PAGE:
A bold approach
When asked which aspect of his research he thought may have stood out to the NRF committees, Nefdt is initially reluctant to hazard a guess, but soon relents to some philosophical speculation.
“I took a different path that was a little bit fraught, but for the moment seems to have been successful.”
“I think it’s relatively uncommon for a younger scholar to try to develop a systematic way of thinking. We normally tend to be a bit more opportunistic,” he muses.
Nefdt goes on to explain that the tendency for most early-career academics is to follow closely in the footsteps of their supervisors, writing on similar topics and joining projects where they may be able to find a niche idea.
“I took a different path that was a little bit fraught, but for the moment seems to have been successful,” he says.
“Early on already, I wanted to find the best explanation for the phenomena I’m interested in. And if that view wasn’t developed, I’d try to develop it myself.”
While there is, of course, no way of knowing for sure, Nefdt believes that this bold pursuit of his academic ambitions may be something that sets him apart.
An international footprint
Although he still in the early stages of his academic career, Nefdt has already established himself as a thought leader in his field both locally and abroad.
In 2016, he completed his PhD in a record time of two years and six months at the University of St Andrews in the United Kingdom.
Prior to this, Nefdt became the second South African to be accepted into and complete the Master of Logic programme at the world-renowned Institute of Logic, Language and Computation (ILLC) at the University of Amsterdam in 2011.
He holds two Masters degrees and a PhD, completed and has received 22 fellowships, scholarships and awards so far. These include an Oppenheimer Postdoctoral Fellowship at UCT as well as an Andrew Mellon Lectureship at the University of the Western Cape (UWC). He recently started a permanent position as a senior lecturer in philosophy at UCT.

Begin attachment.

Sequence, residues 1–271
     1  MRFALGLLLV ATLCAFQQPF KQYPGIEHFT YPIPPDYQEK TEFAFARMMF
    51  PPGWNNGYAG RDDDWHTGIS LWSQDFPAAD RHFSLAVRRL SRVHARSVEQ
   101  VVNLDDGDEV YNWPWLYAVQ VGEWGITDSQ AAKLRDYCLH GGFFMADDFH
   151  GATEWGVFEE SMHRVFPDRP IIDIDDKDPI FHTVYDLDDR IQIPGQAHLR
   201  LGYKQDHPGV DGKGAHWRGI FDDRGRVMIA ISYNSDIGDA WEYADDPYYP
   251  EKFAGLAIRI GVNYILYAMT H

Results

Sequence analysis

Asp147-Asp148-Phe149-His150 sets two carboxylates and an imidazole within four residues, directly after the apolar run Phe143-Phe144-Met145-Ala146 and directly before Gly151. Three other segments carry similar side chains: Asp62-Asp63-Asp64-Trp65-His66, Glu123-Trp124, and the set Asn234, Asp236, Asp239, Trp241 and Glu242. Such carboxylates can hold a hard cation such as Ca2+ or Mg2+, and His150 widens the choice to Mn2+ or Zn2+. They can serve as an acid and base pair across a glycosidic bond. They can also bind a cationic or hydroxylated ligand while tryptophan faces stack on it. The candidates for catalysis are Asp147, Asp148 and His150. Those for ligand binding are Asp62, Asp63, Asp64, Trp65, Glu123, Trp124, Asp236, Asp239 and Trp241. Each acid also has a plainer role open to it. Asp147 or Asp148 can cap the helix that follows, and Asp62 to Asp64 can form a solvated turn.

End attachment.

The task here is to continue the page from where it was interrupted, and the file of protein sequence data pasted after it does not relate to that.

“I always joke in my classes that my grandmother wanted me to be an electrician.”
During the course of his career, Nefdt has conducted research at seven international institutions and published 11 high-ranking peer-reviewed journal articles, three book chapters, four book reviews, and acted as a referee for 16 international journals.
For Nefdt, the latest acknowledgements of his academic prowess usher in a new era for his research, especially in terms of publications.
“I think I’m ready now to collect my thoughts into monograph form,” he says.
“What led to these awards was a lot of different projects and articles. But now I think I want to take the next step and actually write something that I can produce as a book and put out there for credible scrutiny.”
What makes Nefdt’s achievements even more remarkable is the fact that he is a first-generation university student.
Initially, his decision to pursue something as theoretical as the philosophy of languages and linguistics was met with a measure of scepticism.
“I always joke in my classes that my grandmother wanted me to be an electrician,” he laughs. “I think even after a lot of these achievements, she still wasn’t convinced and sometimes I’m not convinced either.”
He has, however, stayed the course and continues reaping the rewards.
“My family has been extremely supportive,” he says. “They’ve allowed me to explore and, for that, I’m extremely appreciative.”